3. Random Dice*

      I have a question. Is that advice still true in this case?

      My manager encouraged me to interview and return with an offer letter, so he could get me a pay boost. (Which he did.) He said the company, and industry, was stacked toward pay bumps when moving between companies.

      Is that admirable managing – recognizing the limitations of the system and advising how to navigate it successfully – or is it just a manager giving up on having to do the hard stuff?

  2. All Het Up About It*

    All great!!

    LW2, especially though.
    The message I received back was, ‘Good for you. You deserve better than this place can give you.’
    And then PANIC when LW called their bluff. Delicious schadenfreude.

  3. Chilipepper Attitude*

    Thanks to all for writing in, I love these!
    #4, what did you do about the revised offer letter, I could not see any comments from you in the original post.

    #2, as All Het Up About It said, delicious schadenfreude indeed!!

    1. KB*

      LW4 here, as I mentioned the offer changed from exempt to non-exempt. I’d only ever been exempt and salaried at permanent positions before, and the change to non-exempt hourly freaked me out. But after hearing from Alison and talking with others, I didn’t see any other red flags with the job and decided to accept. So far being non-exempt hasn’t been an issue.

  4. cabbagepants*

    LW2 — ugh, there are so many possibilities! Art, fashion, libraries, academia all come to mind.

  5. Pinkie Pie*

    I got good news today. After my main customer stopped providing work, citing my health (I had chemo), I decided to wait out the treatment. Today, I accepted a federal job with better pay and benefits.

  6. Bookworm*

    Always great to end another week with these good news letters. I really like reading these so thanks as always to the LWs for sharing!

  7. Academic Librarian too*

    Advice to the Academic Librarian on Tenure Track.
    No matter what anyone says (you have time, get the lay of the land, …) start building your promotion and tenure portfolio NOW.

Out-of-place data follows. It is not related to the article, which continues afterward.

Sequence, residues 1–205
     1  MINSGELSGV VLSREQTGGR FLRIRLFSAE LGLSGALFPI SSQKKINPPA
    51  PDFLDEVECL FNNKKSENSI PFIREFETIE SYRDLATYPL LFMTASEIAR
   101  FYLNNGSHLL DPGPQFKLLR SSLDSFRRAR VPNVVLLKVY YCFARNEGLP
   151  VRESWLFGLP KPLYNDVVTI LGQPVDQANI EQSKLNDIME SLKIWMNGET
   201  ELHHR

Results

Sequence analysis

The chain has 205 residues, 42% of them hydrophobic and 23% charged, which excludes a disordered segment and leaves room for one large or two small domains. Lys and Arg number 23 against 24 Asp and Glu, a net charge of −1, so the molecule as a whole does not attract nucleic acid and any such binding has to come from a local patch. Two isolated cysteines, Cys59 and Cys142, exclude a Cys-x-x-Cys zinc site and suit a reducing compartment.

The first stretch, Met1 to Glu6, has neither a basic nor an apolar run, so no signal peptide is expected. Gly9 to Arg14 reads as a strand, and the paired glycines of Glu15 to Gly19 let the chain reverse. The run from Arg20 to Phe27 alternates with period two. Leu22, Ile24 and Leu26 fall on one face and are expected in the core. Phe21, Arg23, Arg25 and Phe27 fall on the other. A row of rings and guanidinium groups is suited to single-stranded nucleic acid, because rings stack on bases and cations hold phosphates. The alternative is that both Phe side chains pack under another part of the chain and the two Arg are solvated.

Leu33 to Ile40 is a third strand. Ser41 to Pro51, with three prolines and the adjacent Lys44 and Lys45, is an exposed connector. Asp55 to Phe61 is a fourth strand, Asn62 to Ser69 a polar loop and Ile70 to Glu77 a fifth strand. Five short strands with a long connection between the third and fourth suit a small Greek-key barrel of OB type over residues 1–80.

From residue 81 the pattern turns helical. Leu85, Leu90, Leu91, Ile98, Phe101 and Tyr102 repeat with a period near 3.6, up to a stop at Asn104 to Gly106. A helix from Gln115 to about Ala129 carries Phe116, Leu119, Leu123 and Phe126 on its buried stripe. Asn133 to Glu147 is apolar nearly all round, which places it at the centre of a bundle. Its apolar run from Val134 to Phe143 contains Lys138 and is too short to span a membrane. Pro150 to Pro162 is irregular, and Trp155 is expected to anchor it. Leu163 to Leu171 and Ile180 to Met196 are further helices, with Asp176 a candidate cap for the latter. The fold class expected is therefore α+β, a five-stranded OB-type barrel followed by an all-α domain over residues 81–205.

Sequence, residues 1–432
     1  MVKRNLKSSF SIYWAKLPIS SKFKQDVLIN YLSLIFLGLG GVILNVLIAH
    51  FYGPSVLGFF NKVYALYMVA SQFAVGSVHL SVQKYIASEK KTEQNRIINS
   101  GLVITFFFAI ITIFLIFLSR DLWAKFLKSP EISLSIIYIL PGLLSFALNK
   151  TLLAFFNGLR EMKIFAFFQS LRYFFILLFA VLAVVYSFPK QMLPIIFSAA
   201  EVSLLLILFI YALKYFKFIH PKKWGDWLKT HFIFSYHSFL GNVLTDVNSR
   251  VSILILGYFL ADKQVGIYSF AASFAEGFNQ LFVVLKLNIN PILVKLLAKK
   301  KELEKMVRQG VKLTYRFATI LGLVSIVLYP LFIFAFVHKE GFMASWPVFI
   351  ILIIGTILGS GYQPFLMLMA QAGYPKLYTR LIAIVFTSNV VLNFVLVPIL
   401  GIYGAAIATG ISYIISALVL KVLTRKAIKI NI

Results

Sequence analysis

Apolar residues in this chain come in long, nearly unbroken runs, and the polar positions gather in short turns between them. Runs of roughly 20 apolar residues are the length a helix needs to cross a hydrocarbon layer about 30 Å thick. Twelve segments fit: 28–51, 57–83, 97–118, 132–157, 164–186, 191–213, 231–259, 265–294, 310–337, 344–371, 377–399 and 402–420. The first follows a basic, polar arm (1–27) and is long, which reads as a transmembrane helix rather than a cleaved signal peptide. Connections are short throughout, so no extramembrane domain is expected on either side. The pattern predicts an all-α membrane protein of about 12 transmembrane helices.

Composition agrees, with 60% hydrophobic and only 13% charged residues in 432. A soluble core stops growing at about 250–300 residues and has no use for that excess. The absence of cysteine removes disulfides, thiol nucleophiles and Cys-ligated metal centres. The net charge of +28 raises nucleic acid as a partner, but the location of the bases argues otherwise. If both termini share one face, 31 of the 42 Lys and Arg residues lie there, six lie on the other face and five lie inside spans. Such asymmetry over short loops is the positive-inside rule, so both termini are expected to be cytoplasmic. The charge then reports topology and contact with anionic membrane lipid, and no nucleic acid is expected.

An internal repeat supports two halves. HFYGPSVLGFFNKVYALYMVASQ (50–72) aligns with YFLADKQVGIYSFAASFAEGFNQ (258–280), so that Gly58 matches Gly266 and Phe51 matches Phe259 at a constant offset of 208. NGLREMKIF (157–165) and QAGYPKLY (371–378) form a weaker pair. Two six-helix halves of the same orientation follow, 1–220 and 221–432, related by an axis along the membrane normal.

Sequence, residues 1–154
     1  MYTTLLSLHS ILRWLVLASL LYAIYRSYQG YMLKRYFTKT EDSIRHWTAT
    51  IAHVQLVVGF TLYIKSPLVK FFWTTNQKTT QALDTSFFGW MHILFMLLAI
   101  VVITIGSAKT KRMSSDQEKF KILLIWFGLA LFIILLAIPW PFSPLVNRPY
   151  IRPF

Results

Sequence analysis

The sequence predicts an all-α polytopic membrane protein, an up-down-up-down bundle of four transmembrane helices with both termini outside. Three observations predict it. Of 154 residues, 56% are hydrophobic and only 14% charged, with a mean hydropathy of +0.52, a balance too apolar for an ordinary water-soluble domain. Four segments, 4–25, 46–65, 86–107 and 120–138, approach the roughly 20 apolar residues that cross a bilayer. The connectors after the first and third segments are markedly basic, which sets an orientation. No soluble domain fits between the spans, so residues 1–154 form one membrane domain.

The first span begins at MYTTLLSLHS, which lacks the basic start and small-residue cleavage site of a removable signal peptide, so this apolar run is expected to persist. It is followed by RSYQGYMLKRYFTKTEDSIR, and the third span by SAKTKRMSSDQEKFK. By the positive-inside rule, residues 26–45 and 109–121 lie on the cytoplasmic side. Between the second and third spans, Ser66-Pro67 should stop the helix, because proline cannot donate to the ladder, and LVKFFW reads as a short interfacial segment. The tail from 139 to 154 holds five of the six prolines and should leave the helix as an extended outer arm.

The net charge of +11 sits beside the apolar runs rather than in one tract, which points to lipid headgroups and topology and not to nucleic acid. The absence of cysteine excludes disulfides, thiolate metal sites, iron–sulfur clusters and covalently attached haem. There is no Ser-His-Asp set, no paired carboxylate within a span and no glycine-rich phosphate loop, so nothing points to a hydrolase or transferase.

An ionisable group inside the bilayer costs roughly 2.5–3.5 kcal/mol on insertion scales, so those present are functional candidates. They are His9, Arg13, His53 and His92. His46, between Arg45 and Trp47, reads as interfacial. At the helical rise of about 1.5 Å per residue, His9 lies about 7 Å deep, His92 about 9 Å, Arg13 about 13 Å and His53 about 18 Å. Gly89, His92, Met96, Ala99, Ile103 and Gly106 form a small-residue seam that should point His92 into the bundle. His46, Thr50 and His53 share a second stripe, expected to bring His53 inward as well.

Aim to have a complete ready dossier for review by year 3.
    Choose 3 mentors. A tenured person some with time in, a recently promoted person (who will know what the most recent requirements for promotion are) and someone who was on the promotion committee. Ask to see their dossiers. Ask them what a successful candidate looks like.
    For a cohort of “on- track” librarians to book end writing and publication. Block out 2 hours a week for research and writing.
    Keep your cv up to date and know the “value” of each of your contributions. For example, a peer reviewed article is worth more than a “how I did this” article. An invited lecture is worth more than a paper presentation.
    Keep a file of printouts or emails of nice things people say about you.

    1. Chilipepper Attitude*

      Great advice. Can I sadly add that libraries (and US educational institutions) are some of the worst places for workplace bullying. In academic libraries, the bullying is worse around the time of tenure applications. And it is worse for people from the global majority.

      All that to say, when you think of mentors and your path forward, consider these issues.

  8. lol*

    LW #2: If you’re not in publishing, I will be… incredibly depressed that there are two industries like this :`)

  9. Katherine Vigneras*

    I have good news too!

    Awhile ago I got a new boss. They were great for a while, but last year their true colors started to show and things got really bad. Lies, gaslighting, harassment, all kinds of fun. I have been so miserable and it’s just been awful.

    Earlier this week I accepted a dream job – I’m currently cutting llama hair, but I wanted to get back to llama haircolor (I’ve been really successful at this before and I’ll also get to learn some llama balayage on the job.) It’s a good package and the boss is someone I’ve heard a lot of good things about. I’m over the moon.

  10. MomOf3*

    I asked for a raise last summer & was told I was already overpaid. I’m at the finish line of being hired for a new job and can’t wait to tell my boss I’m leaving. But I’m mentally trying to prepare to see my old job posted at a higher salary than they would ever have given me. Annoying when companies do this, but we all know they do. I’m trying to see it as planting a seed someone else will see the harvest of, and be thankful for the times in my own career when it’s probably happened to me & I didn’t know.